*SCROLL DOWN FOR TUTORIAL*(Also see livvyloo's awesome tutorial for making matching sleevy pants out of leftover long sleeves.)
I picked up this shirt at the Goodwill recently - boring shirt, but interesting fabric. I was thinking I'd recon it for myself when the little girl demanded to "hold mommy's new shirt." I took one look at her clutching it, and i knew it was meant to be hers...
THE ACTION SHOTS!
Now i guess it's time to make a matching diaper cover!
So ridiculously EASY! (with the exception of the knife pleated trim - i have no idea what posessed me to put myself through that!) All I needed was a few measurements - no need to make a pattern or anything. Using the original shirt's buttons, etc. saved me from that nonsense. The back yoke made a nice lined bodice - it was even slightly gathered where it joins with the skirt part. The straps used the existing sleeves - I made one straight cut to get each strap piece. And they are one piece with elastic - no gathering! yay!
Thanks for looking!
(click small pics for larger versions)
Okay, my first tutorial! I apologize in advance for any math you may have to do. Hopefully it all makes sense and I wasn't overly wordy - I wasn't sure how much detail to go into about what. Please don't hesitate to ask questions! And if you find a better or quicker way to do any of this, please share!What you'll need
A Couple of Terms
- A button down shirt with a back yoke (see above pic). I used a men's size M and was able to get a 4T out of it.
- 1/2 inch elastic (about 1/2 a yard)
- About 1.5 to 2 yards of trim. As for width... mine sticks out 3/8 inch at the top and 1 inch at the bottom. If you are really keen on learning to knife pleat, here is some good reference. http://slightly-obsessed.blogspot.com/search/label/Tutorials
- Chest Measurement (of wee one all the way around)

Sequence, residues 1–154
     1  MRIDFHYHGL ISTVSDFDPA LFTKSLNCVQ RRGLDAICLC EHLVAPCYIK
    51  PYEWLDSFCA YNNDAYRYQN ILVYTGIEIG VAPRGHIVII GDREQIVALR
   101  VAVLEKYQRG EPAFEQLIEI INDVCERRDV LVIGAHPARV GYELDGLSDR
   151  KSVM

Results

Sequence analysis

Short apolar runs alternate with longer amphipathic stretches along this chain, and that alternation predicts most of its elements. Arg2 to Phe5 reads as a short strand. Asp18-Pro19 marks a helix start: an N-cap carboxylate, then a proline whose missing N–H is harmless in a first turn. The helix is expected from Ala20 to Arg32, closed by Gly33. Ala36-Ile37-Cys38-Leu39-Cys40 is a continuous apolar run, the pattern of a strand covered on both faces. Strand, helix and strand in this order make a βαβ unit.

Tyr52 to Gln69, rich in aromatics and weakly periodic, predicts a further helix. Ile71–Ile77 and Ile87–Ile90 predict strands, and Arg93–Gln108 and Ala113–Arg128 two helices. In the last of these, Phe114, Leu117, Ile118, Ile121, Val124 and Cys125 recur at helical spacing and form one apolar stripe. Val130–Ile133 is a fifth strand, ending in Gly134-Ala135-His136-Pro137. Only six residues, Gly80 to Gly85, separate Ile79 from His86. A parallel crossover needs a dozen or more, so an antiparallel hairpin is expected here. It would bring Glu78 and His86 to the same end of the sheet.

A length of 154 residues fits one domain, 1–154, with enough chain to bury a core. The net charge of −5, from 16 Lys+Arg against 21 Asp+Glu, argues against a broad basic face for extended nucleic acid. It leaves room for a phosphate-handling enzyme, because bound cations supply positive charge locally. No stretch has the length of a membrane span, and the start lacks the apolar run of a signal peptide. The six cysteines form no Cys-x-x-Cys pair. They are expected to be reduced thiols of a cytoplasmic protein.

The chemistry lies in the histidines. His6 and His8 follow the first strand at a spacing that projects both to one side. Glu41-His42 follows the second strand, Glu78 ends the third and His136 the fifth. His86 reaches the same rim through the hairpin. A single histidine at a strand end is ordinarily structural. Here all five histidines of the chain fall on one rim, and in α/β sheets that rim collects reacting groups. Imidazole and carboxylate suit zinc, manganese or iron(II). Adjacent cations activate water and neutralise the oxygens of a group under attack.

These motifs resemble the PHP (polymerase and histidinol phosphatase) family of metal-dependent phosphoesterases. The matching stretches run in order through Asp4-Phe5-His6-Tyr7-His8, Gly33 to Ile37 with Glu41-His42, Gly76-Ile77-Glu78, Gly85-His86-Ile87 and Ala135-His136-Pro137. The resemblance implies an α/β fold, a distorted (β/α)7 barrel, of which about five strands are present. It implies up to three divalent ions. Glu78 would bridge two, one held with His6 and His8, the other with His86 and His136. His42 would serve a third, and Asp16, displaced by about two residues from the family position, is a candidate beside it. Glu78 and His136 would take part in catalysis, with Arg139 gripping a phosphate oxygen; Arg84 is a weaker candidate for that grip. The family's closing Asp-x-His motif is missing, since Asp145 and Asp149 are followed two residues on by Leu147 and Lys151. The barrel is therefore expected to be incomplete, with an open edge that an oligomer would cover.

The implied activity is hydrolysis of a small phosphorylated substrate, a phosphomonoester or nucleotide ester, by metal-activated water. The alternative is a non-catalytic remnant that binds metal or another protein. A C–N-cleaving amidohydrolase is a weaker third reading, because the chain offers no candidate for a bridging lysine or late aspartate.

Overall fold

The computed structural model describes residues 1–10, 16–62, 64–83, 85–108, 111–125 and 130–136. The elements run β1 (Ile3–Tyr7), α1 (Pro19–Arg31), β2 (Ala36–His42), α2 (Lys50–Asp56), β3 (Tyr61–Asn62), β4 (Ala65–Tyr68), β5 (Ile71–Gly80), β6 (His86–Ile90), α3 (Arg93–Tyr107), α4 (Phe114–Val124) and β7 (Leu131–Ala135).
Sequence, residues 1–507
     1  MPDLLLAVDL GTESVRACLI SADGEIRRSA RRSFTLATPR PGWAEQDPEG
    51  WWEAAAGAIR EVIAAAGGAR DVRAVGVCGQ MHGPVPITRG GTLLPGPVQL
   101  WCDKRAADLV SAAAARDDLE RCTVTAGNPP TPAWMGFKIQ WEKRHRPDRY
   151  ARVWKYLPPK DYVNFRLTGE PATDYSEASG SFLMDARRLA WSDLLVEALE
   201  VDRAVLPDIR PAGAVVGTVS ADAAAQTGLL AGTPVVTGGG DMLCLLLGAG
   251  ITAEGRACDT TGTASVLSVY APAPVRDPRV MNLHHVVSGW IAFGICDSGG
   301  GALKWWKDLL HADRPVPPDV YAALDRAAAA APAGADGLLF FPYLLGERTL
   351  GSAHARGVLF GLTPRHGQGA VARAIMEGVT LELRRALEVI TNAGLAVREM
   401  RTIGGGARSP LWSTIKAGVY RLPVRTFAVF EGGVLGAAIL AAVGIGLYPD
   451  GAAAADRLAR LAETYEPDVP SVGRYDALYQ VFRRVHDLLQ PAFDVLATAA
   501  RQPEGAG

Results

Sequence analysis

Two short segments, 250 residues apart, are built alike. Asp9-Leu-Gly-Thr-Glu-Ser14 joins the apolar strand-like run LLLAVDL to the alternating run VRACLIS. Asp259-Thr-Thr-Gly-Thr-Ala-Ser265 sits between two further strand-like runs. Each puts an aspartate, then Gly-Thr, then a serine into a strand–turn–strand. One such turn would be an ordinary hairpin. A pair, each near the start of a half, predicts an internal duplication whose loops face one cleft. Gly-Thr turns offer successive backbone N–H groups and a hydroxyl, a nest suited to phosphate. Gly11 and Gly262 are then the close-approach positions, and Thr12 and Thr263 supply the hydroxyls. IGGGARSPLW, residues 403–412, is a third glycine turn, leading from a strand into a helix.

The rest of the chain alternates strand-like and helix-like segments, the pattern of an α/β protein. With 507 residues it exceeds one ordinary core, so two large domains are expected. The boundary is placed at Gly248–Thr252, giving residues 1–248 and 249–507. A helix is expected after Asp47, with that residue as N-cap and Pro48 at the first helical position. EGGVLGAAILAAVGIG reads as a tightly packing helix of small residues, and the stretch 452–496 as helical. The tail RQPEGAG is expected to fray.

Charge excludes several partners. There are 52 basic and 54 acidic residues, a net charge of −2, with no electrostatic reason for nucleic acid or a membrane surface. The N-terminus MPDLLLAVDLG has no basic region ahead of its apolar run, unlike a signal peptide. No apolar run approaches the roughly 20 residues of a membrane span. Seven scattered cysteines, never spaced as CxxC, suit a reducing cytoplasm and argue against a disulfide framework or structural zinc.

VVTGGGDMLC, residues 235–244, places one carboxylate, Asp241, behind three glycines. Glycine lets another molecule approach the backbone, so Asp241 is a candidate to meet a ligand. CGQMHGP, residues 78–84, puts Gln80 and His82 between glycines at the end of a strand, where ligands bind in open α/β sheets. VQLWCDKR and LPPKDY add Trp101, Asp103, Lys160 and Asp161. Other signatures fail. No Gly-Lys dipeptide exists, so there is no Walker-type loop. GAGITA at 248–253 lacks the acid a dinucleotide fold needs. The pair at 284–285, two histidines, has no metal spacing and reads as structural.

bodice = the back yoke of original shirt
skirt = the part below the yoke of the original shirtStep 1:
Convince your wee one she is a tiger and an empty box is her jungle. Apply snacks frequently. Step 2:
Cut the shirt apart! But CAREFULLY along the seam lines. You should end up with something similar to this.Step 3 - Dress Front:
The back of the shirt will be the front of your dress. Decide where your finished top edge will be and mark it. The easiest way to determine this is to grab your little tiger out of her jungle box and hold the dress up to her (folding the top edge over). Or you can try guessing based on existing garments. My finished bodice was 4 inches from the skirt to the top edge. And if you lack a magic floating hand thing that makes fat pink lines (doesn't EVERYBODY have one of those these days?), I suppose a fabric marker or tailor's chalk will do.
Next, fold the shirt back (your dress front) in half. Cut a shape like this:
Remember that the magic pink line represents your finished top edge - leave some extra above it for seam allowance.C
= Chest plus a few inches for ease, divide by 4, then add some for seam allowance. (ex: Tiger girl's chest measurement is 21 inches and I added 3 inches ease. Divided by 4 that's 6 inches. With a half inch seam allowance, that's 6.5 inches wide I needed to cut.) You can kind of guess at the length and cut long - you'll trim excess later. I knew I wanted a finished dress length of 23ish inches, so I cut this piece to measure about 18 inches from top to bottom of the skirt part - that allowed plenty for a hem or seam allowance. As for the width at the bottom, go as wide as the shirt for the fullest skirt.
Ta da!Step 4 - Dress Back:
The shirt front is going to be your dress back. The IMPORTANT thing here is to mark your finished top edge about 1/4 inch above the top of a buttonhole so you will have a button at the top of your dress. Also, at this point, you should use a seam ripper to remove any pockets from the shirt front.
Why baste when you have tape?
I taped the two sides together to keep them from shifting as I folded and cut the dress back.
Fold in half and cut. (I found I needed to pin it due to the thickness.) You are going to cut the same shape as you did for the front. Use your dress front as a guide - be sure to line up the finished top edge marks so things align properly.
Ta da!Step 5 - Straps:
Here is what your shirt sleeve hopefully looks like if you cut it open and lay it flat: